This time around I extended the IR remote cable, and added a rubber band to it for easier mounting. I added a servo motor so I have 2 axis' of adjustment without having to reach into the stage. 

    After hours of testing, everything works great! With the amount of power the motors and LEDs draw, I really need to add some decoupling caps and I'm probably missing some other obvious safety measures to keep everything happy, so version 3 will need to be rethought a little for better build quality. 

    Some thoughts on feature enhancements: A second servo for 3 axis adjustment would be really nice. Also a smaller form factor for everything and attaching to the tripod directly would be amazing. Finally, being able to include adjustable, super bright LEDs for a flash replacement would also be really nice. Well see, maybe I can cook up some solutions for all that before I call it feature complete!

  • First prototype: Breadboard Spaghetti!

    Jeff06/18/2018 at 22:39 0 comments

    I keep a large stock of prototyping components, so luckily I didn’t have to order anything to build my first prototype. I started with a 3.3v Arduino pro mini. From there I’d need a HBridge Motor Driver to run the Stepper, a Neopixel ring for the stage light, a rotary encoder for input and an oled screen for output. I’d also need an Infrared LED for camera remote firing ( I use a Nikon D90, which accepts IR for remote fire which is super convenient in this case. )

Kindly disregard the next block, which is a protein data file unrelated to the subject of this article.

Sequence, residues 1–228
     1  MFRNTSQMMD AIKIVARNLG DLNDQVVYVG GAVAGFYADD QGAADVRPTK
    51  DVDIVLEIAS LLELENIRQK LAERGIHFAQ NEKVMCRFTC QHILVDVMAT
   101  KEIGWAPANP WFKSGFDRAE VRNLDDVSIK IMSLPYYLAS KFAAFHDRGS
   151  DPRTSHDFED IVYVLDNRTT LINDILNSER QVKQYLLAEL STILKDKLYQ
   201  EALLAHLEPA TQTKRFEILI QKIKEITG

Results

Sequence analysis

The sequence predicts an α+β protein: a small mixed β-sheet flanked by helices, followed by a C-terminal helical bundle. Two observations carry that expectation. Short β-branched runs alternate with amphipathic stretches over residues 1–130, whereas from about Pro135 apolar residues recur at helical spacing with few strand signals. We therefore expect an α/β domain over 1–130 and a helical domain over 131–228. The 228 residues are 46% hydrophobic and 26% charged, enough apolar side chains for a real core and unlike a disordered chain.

Some challenges with the initial build: ofcourse, operating a device with so many jumper wires that are prone to falling out is not ideal. Also, I had to use 2 pins on the pro mini that are in the middle of the board and I didn’t bother attaching female pin headers, so the oled would disconnect every time the breadboard shifted. Finally, figuring out the pin and wire configuration for the hbridge was a lot more time consuming then I would have thought. As far shooting goes: I did have a complication with very light subjects (like dead bugs), though. If they’re not secured down, they will tend to shift when the stepper moves the stage. This sounds like a deal breaker, but it forced me to start using pins to pin down the bugs, which is actually better for many reasons.

    Ultimately the prototype works out wonderfully, though! It improved the quality of my photos so much that I'm afraid of trying to build it on a protoboard and breaking it.  The neopixels are no where near bright enough to replace a flash, which I didn’t really expect to workout, but it’s super convenient as a prep light and I’ve used it a few times for edge light for adding alittle color to things. 

    All in all it's been a great success, so far! Next I'll have to solder together a nicer prototype on a protoboard and put a real schematic together.